Tetraethylammonium iodide
Names
Preferred IUPAC name
N,N,N-Triethylethanaminium iodide
Other names
Tetamon iodide; Tetramon J; TEAI
Identifiers
3D model (JSmol)
ChemSpider
ECHA InfoCard 100.000.615 Edit this at Wikidata
  • InChI=1S/C8H20N.HI/c1-5-9(6-2,7-3)8-4;/h5-8H2,1-4H3;1H/q+1;/p-1
    Key: UQFSVBXCNGCBBW-UHFFFAOYSA-M
  • InChI=1/C8H20N.ClH/c1-5-9(6-2,7-3)8-4;/h5-8H2,1-4H3;1H/q+1;/p-1
    Key: UQFSVBXCNGCBBW-UHFFFAOYSA-M
  • [I-].CC[N+](CC)(CC)CC
Properties
C8H20IN
Molar mass 257.159 g·mol−1
Appearance Colorless or yellowish crystalline solid
Density 1.566 g/cm3[1]
Melting point 280 °C (536 °F; 553 K) (decomposes)
soluble
Except where otherwise noted, data are given for materials in their standard state (at 25 °C [77 °F], 100 kPa).
Infobox references

Tetraethylammonium iodide is a quaternary ammonium compound with the chemical formula C8H20N+I. It has been used as the source of tetraethylammonium ions in pharmacological and physiological studies, but is also used in organic chemical synthesis.

Chemistry

Preparation

Tetraethylammonium iodide is commercially available, but can be prepared by the reaction between triethylamine and ethyl iodide.[2]

Structure

The crystal structure of tetraethylammonium iodide has been determined.[3] The crystal structure is a distorted wurtzite lattice. At the nitrogen atom, the coordination is a flattened tetrahedron. The N−C−C angle is slightly larger than the tetrahedral angle.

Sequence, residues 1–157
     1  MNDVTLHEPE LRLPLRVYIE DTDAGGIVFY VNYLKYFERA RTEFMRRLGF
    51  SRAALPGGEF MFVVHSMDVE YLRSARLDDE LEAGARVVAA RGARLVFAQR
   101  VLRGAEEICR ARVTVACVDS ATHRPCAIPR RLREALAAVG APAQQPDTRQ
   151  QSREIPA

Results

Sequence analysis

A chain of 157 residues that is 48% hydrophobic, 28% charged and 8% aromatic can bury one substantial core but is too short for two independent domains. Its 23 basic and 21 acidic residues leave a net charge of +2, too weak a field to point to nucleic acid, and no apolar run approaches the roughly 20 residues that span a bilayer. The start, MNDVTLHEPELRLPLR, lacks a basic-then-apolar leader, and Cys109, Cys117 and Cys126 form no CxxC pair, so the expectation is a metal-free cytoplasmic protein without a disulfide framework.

Synthetic applications

Examples include:

Toxicity

LD50: 35 mg/kg (mouse, i.p.); 56 mg/kg (mouse, i.v.)[citation needed]

See also

References

  1. ^ The Merck Index, 10th Ed., p.1316, Rahway: Merck & Co.
  2. ^ A. A. Vernon and J. L. Sheard (1948). "The solubility of tetraethylammonium iodide in benzene-ethylene dichloride mixtures." J. Am. Chem. Soc. 70 2035-2036.
  3. ^ E. Wait and H. M. Powell (1958). "The crystal and molecular structure of tetraethylammonium iodide." J. Chem. Soc. 1872-1875.
  4. ^ N. Hénaff and A. Whiting (2000). "Stereoselective formation of 1,2-diiodoalkenes and their application in the stereoselective synthesis of highly functionalised alkenes via Suzuki and Stille coupling reactions." J. Chem. Soc., Perkin 1 395-400.
  5. ^ T.Yoshino et al. (1977). "Synthetic studies with carbonates. Part 6. Syntheses of 2-hydroxyethyl derivatives by reactions of ethylene carbonate with carboxylic acids or heterocycles in the presence of tetraethylammonium halides or under autocatalytic conditions." J. Chem. Soc., Perkin 1 1266-1272.
  6. ^ G. Saikia and P. K. Iyer (2010)."Facile C-H alkylation in water: enabling defect-free materials for optoelectronic devices." J. Org. Chem. 75 2714-2717.